To some degree, this may even be true for the financial institution that directly sells to the central bank, e.g. banks selling bonds to the central bank and just holding the excess reserves instead. However, to the extent that such banks had purchased additional bonds in order to sell them to the central bank, the previous holders of the bonds now have larger cash balances as well--there is a chain of transactions where one party receives additional cash balances that they otherwise would not have. For the liquidity trap to literally be true, all of the sellers in this chain must want to hold onto all of the money.

    Furthermore, even if investment demand is so weak that banks cannot find people to lend unwanted reserves to, they can ultimately just spend those reserves to pay employees or other goods and services--people don't refuse the general medium of exchange because interest rates are near zero.

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  5. Voodoo.

    I'm not saying voodoo can't work. Maybe it will and maybe it won't. If it works, it will work in the same way similar forms of faith healing, mesmerism and priestcraft can work.

    But it's a stretch to call this "monetary policy." It's just behavioral performance art that happens to use the Fed board of governors as a prop.

    You could possibly get the same result, whatever they might be, if Obama fired his treasury secretary, his economic advisers, and the head of the IRS, and brought in a new team supposedly dedicated to "employment level targeting," even if they did nothing else different.

    Would that be a change in "fiscal policy"?

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  6. Anonymous 1:

    What Anonymous 2 said. Also, the voracious appetite for commodities coming out Asia and other emerging markets is important too.

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  7. Lee, I agree with your points. Now if the market participants understand this and anticipate it to happen then once again we back to expectations mattering.

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  8. Dan, "Vodoo" worked rather well when FDR tried it 1933. It also seemed to work rather well when Sweden tried it during this crisis. And the early evidence from Japan's new inflation target in managing expectations seems to be making some difference. And, as I provided in the link above, there is systematic evidence for expectations mattering. There is a reason why expectations management is a huge part of modern macro--it works.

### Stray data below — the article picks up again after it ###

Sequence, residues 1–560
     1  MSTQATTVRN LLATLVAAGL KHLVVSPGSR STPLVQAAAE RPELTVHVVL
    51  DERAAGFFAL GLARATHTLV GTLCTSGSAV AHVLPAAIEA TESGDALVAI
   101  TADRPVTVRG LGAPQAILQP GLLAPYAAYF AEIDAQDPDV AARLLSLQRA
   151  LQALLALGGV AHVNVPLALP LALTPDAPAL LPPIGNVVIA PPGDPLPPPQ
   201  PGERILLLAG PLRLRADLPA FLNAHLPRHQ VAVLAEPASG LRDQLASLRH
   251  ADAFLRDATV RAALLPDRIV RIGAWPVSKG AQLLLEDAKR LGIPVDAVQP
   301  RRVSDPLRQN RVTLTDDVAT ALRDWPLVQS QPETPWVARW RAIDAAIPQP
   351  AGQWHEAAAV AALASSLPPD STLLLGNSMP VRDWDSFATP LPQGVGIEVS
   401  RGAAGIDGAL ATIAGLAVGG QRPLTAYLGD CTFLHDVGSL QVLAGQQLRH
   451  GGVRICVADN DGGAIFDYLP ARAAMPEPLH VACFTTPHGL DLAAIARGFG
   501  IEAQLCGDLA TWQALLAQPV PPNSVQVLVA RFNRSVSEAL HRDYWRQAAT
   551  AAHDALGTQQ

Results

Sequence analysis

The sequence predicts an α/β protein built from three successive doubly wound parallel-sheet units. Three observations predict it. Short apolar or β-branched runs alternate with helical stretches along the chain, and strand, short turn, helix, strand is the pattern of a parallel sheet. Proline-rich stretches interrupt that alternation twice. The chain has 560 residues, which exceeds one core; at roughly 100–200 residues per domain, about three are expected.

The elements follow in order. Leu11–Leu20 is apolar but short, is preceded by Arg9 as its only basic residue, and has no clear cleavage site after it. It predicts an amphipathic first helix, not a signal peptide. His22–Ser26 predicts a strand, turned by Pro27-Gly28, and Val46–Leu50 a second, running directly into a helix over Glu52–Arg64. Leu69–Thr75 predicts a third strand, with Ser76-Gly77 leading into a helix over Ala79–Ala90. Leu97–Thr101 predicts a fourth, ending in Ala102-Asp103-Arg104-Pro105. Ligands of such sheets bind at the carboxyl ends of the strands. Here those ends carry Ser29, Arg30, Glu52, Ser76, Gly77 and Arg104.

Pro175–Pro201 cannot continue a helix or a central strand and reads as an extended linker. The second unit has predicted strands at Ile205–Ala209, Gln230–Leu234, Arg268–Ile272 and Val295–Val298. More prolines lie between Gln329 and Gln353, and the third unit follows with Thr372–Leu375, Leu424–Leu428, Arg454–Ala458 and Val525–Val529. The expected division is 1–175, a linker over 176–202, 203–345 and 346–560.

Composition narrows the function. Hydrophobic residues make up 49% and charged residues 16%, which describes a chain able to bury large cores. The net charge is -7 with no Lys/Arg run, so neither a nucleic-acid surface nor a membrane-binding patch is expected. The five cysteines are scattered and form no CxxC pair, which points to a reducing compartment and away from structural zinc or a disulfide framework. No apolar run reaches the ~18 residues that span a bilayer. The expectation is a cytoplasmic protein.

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  9. I'm not doubting that expectations matter David. I'm just suggesting that expectations management has left the realm of monetary policy. The fact that the central banker might be able to play such a role at any given time is a historical contingency based on the central banker's role as "Important Guy Who Exerts Mysterious Power We Don't Understand Over the Business Cycle."

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  10. David,

    I suppose my implicit point was that Keynesians and market monetarists mean something slightly different when talking about expectations at the zero lower bound. In short, Keynesians don't think the central bank could increase aggregate demand unexpectedly, but only by promising to pursue more aggressive policy at some time in the future when the zero lower bound is not a concern. Market monetarists, however, also see channels through which monetary policy could work right now, regardless of expectations.

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  11. the Fed should stick to inflation targeting; they have done a relatively good job at it. The Fed cant target GDP growth since Money is Neutral in the Long run. Also our employment problem was one of AD but now has become a Supply problem ( since we have seen a shift in the beveridge curve leading to more structural unemployment caused by imobility of labor markets). this imobolity can be fixed by supply-side policies of deregulation, right to work, and persuing policies that would decrease production costs. after we shift LRAS further to the right, we will experience a temporary recessionary gap. At that moment the fed should look to loose monetary policy to increase AD to optimal output and full employment at equalibrium with LRAS.

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  12. the Fed should stick to inflation targeting; they have done a relatively good job at it. The Fed cant target GDP growth since Money is Neutral in the Long run. Also our employment problem was one of AD but now has become a Supply problem ( since we have seen a shift in the beveridge curve leading to more structural unemployment caused by imobility of labor markets). this imobolity can be fixed by supply-side policies of deregulation, right to work, and persuing policies that would decrease production costs. after we shift LRAS further to the right, we will experience a temporary recessionary gap. At that moment the fed should look to loose monetary policy to increase AD to optimal output and full employment at equalibrium with LRAS.

    ReplyDelete